BEGGING FOR THE ROUGH STUFF: The Chevrolet Trailblazer is one of the most underestimated SUVs in its segment, but it is one heck of an off-road machine! Image: Wheels24 / Charlen Raymond
Cape Town - When you mention the Chevrolet Trailblazer to a car enthusiast, you'll hear comments regarding its 'rugged nature' briefly before someone brings up the Toyota-badged elephant in the room - the Fortuner.
There is no escaping it, the Fortuner is the market- and sales’ leader in this very tightly contested segment... and that was before the new generation arrived on our shores earlier in 2016.
In the luxury SUV/4x4 segment, even the formidable Ford Everest is measured against the popular Fortuner and given early sales of the new model (more than 1000 units!), the SA buyer will continue Toyota's flagship SUV's success in SA.
The current Trailblazer has its work cut out for it - it doesn’t look as good as its rivals and compared to the Everest it's lagging in the tech department.
Is Trailblazer still in the fight? Chevrolet certainly believes its flagship SUV can still slug it out. We put the Chevrolet Trailblazer 2.8 LTZ 4x4 auto to the test.
Image: Wheels24 / Charlen Raymond
Still throwing punches
The Trailblazer 2.8 LTZ 4x4 auto is a heavy vehicle, yet it doesn’t feel like it when the throttle is applied. Weighing 2.1-tons, a big engine is needed to propel its bulk. The 2.8-litre diesel may be an old engine, but its capable of 144kW/500Nm. That's more power than the Fortuner and Everest (132kW/420Nm and 147kW/470Nm, respectively).
Behind the gear lever is a little rotating knob with three functions. Engage neutral and use the knob to toggle between two- and all-wheel drive - the latter in either high or low range. It works a charm and the functionality is very user-friendly.
The Trailblazer is built on the same ladder-frame architecture used in Isuzu KB. This chassis provides adequate ride quality regardless of the surface traversed, especially when tackling off-road challenges.
Add to this its relatively short front- and rear overhangs, approaching and departing steep inclines/declines are relatively easy. With a ground clearance of 218mm it handles dips and undulations with ease. Interestingly, the 2.8 LTZ two-wheel drive has a ground clearance of 253mm...
Image: Wheels24 / Charlen Raymond
Finding something to excel in
Although the ride quality of the Chevrolet Trailblazer is remarkably good on tar, it's when the going gets tough that the vehicle really comes into its own.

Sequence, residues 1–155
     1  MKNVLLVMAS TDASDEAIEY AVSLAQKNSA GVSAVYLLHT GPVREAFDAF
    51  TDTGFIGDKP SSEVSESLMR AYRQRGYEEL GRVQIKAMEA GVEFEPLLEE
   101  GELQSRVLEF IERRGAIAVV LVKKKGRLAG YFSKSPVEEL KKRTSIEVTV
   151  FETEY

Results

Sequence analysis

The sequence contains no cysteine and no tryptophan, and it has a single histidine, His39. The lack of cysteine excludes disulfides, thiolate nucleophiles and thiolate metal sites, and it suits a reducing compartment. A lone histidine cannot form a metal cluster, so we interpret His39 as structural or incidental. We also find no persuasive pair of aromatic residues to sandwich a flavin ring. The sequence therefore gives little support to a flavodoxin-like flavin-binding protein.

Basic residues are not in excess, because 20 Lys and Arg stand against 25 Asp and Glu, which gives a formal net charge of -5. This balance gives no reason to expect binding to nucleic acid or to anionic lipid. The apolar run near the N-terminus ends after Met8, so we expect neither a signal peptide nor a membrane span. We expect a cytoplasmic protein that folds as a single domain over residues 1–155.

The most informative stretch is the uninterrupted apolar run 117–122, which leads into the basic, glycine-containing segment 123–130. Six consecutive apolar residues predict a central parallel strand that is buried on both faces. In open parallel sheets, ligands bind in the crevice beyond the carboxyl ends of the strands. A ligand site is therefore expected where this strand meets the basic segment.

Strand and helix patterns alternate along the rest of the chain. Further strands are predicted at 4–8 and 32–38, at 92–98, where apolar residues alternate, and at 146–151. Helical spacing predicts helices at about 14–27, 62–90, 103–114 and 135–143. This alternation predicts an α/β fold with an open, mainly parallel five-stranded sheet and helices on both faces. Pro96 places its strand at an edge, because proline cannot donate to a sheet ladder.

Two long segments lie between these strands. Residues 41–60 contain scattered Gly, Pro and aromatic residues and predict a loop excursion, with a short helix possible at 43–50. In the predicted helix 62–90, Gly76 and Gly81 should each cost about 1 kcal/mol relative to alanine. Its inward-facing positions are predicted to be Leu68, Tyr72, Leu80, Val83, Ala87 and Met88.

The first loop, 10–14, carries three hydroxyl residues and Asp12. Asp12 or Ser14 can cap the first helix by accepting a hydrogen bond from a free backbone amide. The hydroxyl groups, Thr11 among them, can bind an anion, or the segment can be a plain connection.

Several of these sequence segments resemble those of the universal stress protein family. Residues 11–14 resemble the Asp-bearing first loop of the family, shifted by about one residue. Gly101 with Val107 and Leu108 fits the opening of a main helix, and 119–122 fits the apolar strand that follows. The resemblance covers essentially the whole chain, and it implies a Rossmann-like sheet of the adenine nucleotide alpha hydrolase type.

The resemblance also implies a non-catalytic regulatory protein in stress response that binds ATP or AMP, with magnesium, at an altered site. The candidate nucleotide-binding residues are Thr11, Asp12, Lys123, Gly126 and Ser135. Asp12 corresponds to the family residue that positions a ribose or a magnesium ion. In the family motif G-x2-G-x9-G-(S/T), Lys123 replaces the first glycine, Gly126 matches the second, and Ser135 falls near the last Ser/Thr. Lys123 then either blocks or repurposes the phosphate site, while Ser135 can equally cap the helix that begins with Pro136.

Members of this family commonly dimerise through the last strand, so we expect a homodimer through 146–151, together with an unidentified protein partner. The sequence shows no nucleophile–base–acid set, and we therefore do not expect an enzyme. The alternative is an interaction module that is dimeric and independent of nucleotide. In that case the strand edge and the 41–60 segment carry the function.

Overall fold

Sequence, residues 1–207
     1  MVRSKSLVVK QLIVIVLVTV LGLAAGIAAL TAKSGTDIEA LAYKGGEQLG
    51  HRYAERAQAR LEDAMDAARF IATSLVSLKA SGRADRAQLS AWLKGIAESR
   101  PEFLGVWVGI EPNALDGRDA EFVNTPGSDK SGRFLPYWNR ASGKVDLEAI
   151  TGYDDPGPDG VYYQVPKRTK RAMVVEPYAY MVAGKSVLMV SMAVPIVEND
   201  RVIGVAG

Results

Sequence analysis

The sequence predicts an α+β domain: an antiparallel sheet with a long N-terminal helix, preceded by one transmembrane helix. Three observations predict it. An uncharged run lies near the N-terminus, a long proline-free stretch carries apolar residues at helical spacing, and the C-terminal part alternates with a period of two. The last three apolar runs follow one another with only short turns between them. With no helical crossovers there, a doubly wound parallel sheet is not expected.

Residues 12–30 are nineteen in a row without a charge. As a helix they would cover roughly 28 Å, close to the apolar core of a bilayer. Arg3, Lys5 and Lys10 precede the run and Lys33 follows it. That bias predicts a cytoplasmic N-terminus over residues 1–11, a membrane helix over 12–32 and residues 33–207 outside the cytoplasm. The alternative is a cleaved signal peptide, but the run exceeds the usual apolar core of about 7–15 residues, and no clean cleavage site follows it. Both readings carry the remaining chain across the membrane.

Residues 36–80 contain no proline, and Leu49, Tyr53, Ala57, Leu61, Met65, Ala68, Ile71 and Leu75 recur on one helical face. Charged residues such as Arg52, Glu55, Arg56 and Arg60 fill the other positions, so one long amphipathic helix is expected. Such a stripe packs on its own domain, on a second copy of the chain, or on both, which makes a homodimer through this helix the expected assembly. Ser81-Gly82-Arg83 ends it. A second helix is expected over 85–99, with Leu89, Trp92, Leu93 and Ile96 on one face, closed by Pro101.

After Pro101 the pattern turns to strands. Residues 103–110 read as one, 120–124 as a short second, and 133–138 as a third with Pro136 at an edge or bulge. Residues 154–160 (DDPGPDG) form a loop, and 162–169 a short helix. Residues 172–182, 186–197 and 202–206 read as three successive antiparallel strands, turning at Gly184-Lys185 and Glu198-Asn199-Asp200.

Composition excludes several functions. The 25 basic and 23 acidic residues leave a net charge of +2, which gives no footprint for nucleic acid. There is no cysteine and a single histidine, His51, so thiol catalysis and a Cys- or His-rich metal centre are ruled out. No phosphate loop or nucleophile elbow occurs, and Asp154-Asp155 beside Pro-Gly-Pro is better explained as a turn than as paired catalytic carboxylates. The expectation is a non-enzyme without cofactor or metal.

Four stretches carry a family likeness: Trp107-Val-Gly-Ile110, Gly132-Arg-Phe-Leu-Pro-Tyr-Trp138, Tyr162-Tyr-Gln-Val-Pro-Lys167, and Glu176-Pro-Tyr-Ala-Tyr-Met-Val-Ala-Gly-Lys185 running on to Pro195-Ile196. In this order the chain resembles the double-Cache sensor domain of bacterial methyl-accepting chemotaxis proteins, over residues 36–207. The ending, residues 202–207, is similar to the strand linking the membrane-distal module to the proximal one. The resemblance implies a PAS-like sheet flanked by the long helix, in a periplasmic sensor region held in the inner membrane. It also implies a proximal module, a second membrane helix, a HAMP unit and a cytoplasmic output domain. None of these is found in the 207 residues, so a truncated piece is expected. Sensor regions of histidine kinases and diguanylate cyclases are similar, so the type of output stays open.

I drove the Trailblazer on a recent trip along the West Coast. The setting was magical! The coast had received its first pre-winter rains and the gravel roads were an absolute gift to the likes of the Trailblazer. The sand along the off-road tracks was loose and the smell of adventure hung in the air.
Driving to where I needed to be required taking a gravel road, but the rain made the route as slippery as your average Amusement park waterslide. 'Caution and vigilance' is what was called for in these wet conditions, though despite the amount mud and pools of water, I never had to engage all-wheel drive. Wheel-spin, no front-end bite and lots of sliding was at the order of the day as I navigated my way through the tricky conditions.
READ: Gravel travel! Top 5 off-road routes in Southern Africa
Traversing through slippery conditions was one thing but it was a whole new ball game to not avoid being stuck in the sand. I set off in two-wheel drive, gracefully rumbling through a tight off-road track. Momentum was key as I pushed on. As the sand became thicker, I stopped the SUV and engaged AWD with low-range.
A soft zing-like sound entered the cabin as the system engaged all four wheels and I gently applied the accelerator. Onward Trailblazer!
The SUV manged to overcome the worse the tough terrain had to offer but, alas, what would a 4x4 journey be without a few close encounters.
Moment of reflection
After lots of laughter, many hair-raising moments, and loads of 'how will I make this!' thoughts, I reached one of the most beautiful scenes. The ocean in the front, the dunes to my side, and in the middle rides the Trailblazer - a capable, underrated, albeit dated in terms of tech, SUV.
In a motoring market where "capable and practically" is steadily overlooked in favour of 'need to haves', with no fancy gadgetry or tricks, the Trailblazer is out in the cold. It's a shame really, because the Trailblazer serves as reminder that simplicity can be incredible effective. Need a capable, rugged, practical SUV? The Trailblazer makes for a great choice.
If you find yourself facing an arduous route or facing adverse weather conditions, the hulking Chev isn't afraid to get its rubber dirty. The Trailblazer will remain composed regardless of the ground it faces. And isn't that what a robust SUV is supposed to do? Perhaps Chevrolet will build on its Trailblazer biggest selling points and deliver a next-generation SUV that's even better, and hopefully, packed with the latest tech.